Restaurants Saving Reefs With Oyster Shells

If there’s one industry proving itself to be an environmental hero, it’s the food industry. Restaurants have been teaming up to donate food to the needy as well as come up with more sustainable recipes. Now, restaurants in the Gulf Coast are giving back to nature by returning empty oyster shells.

While it’s common practice among seafood restaurants to send their empty shells to landfill with the rest of their waste, a handful of regions are beginning to put the shells to more productive use by returning them to the ocean, where they become the building blocks of restored oyster beds.

But if the discarded shells are empty, how are they helping to repair reefs? Not to worry. Young oysters will cling to unoccupied shells. The Nature Conservancy has since called for a $150 million investment in the hopes of repairing 100 miles of reefs.

the National Fish and Wildlife Foundation, the program has collected over 2.8 million oyster shells–enough to cover 5.5 acres in the Gulf. Each oyster shell returned to the ocean, Berte says, can become the habitat for 10 baby oysters. Additionally, adult oysters can filter around 15 gallons of water a day–significant for a region plagued with water-quality issues.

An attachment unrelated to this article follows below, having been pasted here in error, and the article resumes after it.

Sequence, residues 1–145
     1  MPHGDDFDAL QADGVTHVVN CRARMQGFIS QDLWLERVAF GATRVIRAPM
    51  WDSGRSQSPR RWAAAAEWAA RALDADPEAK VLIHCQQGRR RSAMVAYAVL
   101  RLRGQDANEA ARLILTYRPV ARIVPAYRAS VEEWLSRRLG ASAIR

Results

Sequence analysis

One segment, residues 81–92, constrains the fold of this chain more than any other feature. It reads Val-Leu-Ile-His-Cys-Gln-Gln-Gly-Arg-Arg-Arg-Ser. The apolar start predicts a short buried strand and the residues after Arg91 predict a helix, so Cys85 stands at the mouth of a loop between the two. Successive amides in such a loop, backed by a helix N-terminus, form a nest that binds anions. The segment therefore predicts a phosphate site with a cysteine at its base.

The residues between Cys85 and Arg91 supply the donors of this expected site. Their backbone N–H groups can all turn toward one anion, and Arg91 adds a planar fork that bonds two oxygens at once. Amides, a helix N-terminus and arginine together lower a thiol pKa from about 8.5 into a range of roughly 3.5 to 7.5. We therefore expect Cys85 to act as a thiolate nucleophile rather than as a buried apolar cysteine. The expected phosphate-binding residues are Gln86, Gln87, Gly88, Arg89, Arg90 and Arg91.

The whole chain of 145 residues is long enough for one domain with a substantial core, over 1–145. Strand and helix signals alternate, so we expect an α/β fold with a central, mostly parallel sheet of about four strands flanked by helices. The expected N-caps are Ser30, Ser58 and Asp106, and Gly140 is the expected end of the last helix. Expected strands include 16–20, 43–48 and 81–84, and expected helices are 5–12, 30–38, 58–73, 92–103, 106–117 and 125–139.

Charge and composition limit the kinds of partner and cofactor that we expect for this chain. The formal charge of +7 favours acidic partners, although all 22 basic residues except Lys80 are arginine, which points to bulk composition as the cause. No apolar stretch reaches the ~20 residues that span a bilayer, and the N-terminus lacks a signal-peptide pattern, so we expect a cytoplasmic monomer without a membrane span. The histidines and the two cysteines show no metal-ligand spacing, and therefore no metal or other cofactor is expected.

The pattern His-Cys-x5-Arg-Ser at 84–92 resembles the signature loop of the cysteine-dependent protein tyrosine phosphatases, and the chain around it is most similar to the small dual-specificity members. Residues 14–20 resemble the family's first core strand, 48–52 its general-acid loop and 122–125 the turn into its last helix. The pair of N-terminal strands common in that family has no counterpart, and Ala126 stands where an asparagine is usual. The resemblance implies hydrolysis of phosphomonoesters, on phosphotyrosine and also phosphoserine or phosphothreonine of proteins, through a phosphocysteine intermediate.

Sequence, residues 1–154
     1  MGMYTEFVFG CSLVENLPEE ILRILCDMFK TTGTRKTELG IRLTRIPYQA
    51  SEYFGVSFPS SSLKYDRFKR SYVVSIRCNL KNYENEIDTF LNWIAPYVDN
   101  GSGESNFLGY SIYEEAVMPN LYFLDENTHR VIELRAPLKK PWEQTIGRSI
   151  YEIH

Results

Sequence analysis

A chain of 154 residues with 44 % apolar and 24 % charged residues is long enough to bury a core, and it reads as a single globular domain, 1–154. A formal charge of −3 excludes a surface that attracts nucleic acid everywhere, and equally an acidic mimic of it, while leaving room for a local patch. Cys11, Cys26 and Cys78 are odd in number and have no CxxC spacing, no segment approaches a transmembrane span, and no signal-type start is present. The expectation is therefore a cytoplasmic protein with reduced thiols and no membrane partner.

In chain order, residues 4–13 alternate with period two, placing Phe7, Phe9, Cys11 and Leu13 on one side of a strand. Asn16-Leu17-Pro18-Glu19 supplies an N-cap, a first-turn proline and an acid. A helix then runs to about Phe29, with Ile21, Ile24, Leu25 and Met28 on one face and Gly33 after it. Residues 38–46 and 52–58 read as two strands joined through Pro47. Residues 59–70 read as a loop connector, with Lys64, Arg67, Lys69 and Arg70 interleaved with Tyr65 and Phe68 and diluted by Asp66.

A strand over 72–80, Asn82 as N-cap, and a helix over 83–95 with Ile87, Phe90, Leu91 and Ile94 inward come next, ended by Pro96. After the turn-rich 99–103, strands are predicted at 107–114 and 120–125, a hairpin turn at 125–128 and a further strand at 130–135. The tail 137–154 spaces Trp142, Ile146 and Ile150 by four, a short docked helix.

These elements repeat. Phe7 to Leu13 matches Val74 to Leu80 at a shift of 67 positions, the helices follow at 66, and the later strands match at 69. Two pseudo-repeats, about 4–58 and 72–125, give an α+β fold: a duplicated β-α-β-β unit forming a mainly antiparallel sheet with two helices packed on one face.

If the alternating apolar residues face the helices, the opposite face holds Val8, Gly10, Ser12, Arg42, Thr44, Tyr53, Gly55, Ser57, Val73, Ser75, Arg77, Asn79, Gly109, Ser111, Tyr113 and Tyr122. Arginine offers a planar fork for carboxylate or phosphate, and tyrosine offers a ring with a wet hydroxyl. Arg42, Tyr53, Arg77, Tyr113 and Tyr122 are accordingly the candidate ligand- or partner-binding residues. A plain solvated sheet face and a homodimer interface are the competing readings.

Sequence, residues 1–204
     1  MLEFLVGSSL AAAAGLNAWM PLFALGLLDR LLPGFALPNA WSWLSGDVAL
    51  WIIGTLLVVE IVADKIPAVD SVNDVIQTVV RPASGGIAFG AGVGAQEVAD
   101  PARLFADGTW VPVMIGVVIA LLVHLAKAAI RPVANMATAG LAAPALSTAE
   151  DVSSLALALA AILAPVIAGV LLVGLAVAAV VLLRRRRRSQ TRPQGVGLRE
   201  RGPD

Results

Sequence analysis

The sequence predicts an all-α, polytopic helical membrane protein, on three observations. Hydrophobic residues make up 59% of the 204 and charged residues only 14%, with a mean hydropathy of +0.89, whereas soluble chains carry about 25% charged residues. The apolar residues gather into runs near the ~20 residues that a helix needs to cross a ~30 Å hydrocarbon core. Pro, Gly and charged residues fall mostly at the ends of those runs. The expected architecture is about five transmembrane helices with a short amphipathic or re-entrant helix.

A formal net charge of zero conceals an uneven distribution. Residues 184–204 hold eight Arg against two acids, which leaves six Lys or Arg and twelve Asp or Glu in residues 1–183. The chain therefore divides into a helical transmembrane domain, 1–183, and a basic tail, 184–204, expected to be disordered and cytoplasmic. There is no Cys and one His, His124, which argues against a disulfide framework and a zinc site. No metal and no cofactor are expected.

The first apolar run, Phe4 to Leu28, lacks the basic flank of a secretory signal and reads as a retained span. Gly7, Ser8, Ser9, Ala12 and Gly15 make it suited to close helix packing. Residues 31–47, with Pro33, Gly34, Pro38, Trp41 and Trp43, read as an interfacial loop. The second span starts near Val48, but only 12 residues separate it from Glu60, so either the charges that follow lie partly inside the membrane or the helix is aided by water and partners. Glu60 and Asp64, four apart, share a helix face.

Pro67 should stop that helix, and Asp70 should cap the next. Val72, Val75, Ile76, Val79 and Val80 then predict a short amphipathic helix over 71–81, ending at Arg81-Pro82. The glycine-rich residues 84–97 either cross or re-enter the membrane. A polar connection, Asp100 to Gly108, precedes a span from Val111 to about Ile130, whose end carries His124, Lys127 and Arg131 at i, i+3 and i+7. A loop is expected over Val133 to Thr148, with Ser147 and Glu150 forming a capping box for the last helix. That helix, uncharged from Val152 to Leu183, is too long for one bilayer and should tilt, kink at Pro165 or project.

The reef restoration program has continued to prove the success of sustainable businesses. If more shell donations mean more oyster servings, I know I’m definitely off to a seafood joint tonight.

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